18 Aug

Poetry took a back seat this busy summer of being a mom and grandma first, writer second. But I did take lots of photos and tried to write a little something every day inspired by a photo.

Northeast B.C., where we spent the last three weeks with family, has many magpies. One morning one of them  was flitting about in a yard we passed on our walk. It is the subject of my poem for August 10th.



Did you know…

– Australian magpies swoop and buzz walkers, joggers and cyclists during nesting season.

– Magpies are known (along with other corvids) for their intelligence. The Eurasian magpie even recognizes itself in a mirror.

– In some countries (like China) people believe magpies (Pica pica) bring good luck. They also appear as characters in folklore, stories, and rhymes from around the world

– Some people love magpies but others don’t!

PF-2This poem is linked to Poetry Friday, hosted today by Dori Reads.


Posted by on August 18, 2016 in Nature, Poetry Friday


Tags: , , , ,

14 responses to “Magpie

  1. Irene Latham

    August 19, 2016 at 5:00 am

    O that wily swooper… great words in this one, Violet! I especially love the “forget either-or” ending. Thank you for sharing! xo

    Liked by 2 people

  2. Linda Baie

    August 19, 2016 at 6:45 am

    I looked up “pica pica” then realized that you shared about it, Violet. I too am in love with the word choice, that “clown not in disguise” is perfect. We have magpies waddling all over the lawns here, and at campsites, grabbing what they can. They are flashy to see! I’m glad you’ve had such nice family time, too!

    Liked by 1 person

  3. Brenda Davis Harsham

    August 19, 2016 at 7:53 am

    I love the photo and the poem. I especially like “Pica Pica zebra/ without snout or hoof.” It’s good to see another part of the world.

    Liked by 1 person

  4. Karen Eastlund

    August 19, 2016 at 10:36 am

    This poem caught me immediately with “licorice allsorts.” Perfect! Also, I have been “swooped” by blackbirds, and I can tell you it is not fun. Thanks for this poem, I really enjoyed it.

    Liked by 1 person

  5. Kiesha Shepard

    August 19, 2016 at 10:38 am

    Oh I love how you included the info. about birds along with the poem. What fun words in the poem!

    Liked by 1 person

  6. Michelle Heidenrich Barnes

    August 19, 2016 at 11:14 am

    I’m firmly in the “love them” category, though I’m not sure if I’d be there if it wasn’t Australian magpies I was first exposed to. They have the most divine morning song! I especially love the magpie names in your poem.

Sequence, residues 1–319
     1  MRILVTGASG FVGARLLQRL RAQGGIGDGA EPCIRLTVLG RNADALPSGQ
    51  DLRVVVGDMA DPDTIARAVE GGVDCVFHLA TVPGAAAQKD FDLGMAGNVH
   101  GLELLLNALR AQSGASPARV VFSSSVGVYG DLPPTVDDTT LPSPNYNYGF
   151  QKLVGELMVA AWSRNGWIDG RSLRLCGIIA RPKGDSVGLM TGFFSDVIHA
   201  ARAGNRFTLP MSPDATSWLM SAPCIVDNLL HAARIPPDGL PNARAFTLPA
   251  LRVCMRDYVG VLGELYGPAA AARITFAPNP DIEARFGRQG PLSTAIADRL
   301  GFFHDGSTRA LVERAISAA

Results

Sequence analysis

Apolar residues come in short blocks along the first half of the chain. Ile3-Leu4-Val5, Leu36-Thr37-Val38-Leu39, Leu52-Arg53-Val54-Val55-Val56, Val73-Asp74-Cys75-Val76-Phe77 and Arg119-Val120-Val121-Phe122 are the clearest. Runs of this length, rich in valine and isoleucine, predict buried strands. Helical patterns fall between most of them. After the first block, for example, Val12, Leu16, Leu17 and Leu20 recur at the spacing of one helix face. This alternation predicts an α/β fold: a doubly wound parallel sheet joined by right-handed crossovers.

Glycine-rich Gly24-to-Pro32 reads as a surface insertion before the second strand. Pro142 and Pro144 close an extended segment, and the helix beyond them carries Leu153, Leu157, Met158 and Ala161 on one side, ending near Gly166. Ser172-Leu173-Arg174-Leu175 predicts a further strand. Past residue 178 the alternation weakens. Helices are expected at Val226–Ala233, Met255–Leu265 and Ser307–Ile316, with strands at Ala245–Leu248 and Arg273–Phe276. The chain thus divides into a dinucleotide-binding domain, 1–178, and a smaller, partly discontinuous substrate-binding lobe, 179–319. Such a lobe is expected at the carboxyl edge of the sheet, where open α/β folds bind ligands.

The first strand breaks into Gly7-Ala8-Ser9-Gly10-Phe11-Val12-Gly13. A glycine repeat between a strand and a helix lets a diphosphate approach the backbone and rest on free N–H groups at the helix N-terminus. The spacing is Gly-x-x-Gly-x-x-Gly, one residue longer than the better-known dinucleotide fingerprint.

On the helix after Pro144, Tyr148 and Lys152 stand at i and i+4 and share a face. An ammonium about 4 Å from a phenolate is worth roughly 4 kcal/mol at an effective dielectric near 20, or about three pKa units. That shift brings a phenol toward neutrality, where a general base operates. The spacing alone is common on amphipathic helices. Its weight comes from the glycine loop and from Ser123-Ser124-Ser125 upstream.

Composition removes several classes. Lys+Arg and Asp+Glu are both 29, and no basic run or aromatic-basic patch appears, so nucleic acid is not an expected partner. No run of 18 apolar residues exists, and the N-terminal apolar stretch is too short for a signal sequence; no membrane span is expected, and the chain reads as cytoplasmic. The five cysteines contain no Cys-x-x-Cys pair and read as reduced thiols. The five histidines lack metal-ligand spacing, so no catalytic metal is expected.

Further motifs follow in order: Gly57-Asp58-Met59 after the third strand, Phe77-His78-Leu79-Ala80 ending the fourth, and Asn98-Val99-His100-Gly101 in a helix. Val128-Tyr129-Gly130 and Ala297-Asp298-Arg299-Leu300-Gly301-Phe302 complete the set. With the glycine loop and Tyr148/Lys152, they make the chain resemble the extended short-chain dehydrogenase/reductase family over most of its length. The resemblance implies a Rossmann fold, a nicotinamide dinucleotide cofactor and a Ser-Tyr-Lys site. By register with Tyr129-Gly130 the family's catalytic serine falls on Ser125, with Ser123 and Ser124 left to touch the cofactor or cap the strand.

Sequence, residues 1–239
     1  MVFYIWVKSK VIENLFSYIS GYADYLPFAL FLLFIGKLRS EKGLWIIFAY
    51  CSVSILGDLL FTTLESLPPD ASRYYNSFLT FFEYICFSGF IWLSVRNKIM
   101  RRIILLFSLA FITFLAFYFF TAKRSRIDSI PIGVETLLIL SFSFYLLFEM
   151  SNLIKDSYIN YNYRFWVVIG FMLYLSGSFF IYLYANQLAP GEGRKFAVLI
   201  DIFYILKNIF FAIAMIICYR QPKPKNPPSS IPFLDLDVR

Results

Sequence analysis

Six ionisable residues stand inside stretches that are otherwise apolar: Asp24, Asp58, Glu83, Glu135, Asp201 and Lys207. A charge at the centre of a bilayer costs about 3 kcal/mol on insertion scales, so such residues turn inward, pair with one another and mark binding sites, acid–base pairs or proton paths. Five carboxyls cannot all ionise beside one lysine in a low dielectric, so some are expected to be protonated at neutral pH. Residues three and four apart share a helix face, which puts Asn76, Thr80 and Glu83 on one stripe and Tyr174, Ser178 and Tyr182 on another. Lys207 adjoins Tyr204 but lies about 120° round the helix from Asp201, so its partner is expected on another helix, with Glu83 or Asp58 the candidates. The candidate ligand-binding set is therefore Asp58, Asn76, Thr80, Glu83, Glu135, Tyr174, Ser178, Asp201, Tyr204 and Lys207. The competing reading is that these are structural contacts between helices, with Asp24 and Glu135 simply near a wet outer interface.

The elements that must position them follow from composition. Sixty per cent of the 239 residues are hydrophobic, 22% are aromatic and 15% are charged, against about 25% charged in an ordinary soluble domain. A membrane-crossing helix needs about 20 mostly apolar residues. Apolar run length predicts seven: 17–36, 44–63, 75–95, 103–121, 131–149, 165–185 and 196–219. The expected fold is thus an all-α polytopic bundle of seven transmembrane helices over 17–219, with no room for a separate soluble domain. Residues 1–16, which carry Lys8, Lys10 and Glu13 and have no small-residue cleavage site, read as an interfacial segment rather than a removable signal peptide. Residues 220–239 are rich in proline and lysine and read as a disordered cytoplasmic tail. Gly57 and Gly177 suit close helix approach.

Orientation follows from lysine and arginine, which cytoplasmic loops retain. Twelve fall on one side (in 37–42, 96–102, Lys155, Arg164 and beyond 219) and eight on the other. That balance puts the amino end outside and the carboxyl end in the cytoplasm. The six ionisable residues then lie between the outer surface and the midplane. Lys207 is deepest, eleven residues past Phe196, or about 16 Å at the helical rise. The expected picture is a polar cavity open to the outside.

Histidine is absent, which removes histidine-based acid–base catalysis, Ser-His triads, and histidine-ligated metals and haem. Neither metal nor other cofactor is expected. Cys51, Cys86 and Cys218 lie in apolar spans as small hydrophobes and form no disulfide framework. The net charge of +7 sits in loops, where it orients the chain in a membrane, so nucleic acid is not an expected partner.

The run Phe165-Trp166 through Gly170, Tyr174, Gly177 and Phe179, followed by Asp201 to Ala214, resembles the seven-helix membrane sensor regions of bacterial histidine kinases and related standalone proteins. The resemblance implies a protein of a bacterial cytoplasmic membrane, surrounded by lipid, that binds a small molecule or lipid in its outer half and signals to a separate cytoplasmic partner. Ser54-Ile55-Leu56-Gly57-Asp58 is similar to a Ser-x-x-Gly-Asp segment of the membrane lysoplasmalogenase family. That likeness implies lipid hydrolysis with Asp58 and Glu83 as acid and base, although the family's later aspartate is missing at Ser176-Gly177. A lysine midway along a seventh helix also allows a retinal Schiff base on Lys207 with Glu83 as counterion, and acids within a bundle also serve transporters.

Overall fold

Liked by 1 person

  7. Tabatha

    August 19, 2016 at 2:27 pm

    Sounds like you’ve had a super summer, Violet! I especially like that “mischief checkerboard.”

    Liked by 1 person

  8. Tara Smith

    August 19, 2016 at 3:50 pm

    You have made this trickster of folklore sound so charming!

    Liked by 1 person

  9. Carol Wilcox

    August 20, 2016 at 3:15 am

    Such great metaphors. And the words sing! This will be a fun one to read to my middle schoolers!

    Liked by 1 person

  10. maryleehahn

    August 20, 2016 at 5:28 am

    Love your ending! I’ve seen magpies, but never lived where they do. I think I’d like these intelligent tricksters!

    Liked by 1 person

  11. dorireads

    August 20, 2016 at 8:12 am

    What wonderful sounds in this poem! Nice job with this trickster. I’m so glad you had a joyful summer with family.

    Liked by 1 person

  12. katswhiskers

    August 21, 2016 at 12:39 am

    Definitely swooping magpies in Australia! When we moved into our rural house (no other houses around) I counted about 30 magpies one day. I always said that if we didn’t hurt them, they wouldn’t hurt us… and they haven’t. It’s a bit different in town, where the actions of others affect you, too. I too like the pica pica zebra – though I was glad you explained it, since I wasn’t sure what it was.

    Liked by 1 person

    • Violet Nesdoly

      August 21, 2016 at 6:50 am

      Wow – 30 magpies in one day! I’d heard about the swooping magpies in Australia from Canadian friends who lived in Australia for a year on a job exchange. They told of how people walked around with ball caps on backward to avoid the swooping magpies going for their eyes. They’re definitely too smart for our comfort! Glad you’re living in harmony with them. I’ve experienced swooping crows and swallows during nesting time, but never magpies.


  13. Bridget Magee

    August 21, 2016 at 8:55 am

    I haven’t lived near these feathered friends (foes to some?) but your poem makes me feel like I have at least glimpsed their personalities. Love the “wily swooper” descriptor. Thanks for sharing, Violet. =)



Leave a Reply

Fill in your details below or click an icon to log in: Logo

You are commenting using your account. Log Out /  Change )

Twitter picture

You are commenting using your Twitter account. Log Out /  Change )

Facebook photo

You are commenting using your Facebook account. Log Out /  Change )

Connecting to %s

This site uses Akismet to reduce spam. Learn how your comment data is processed.

%d bloggers like this: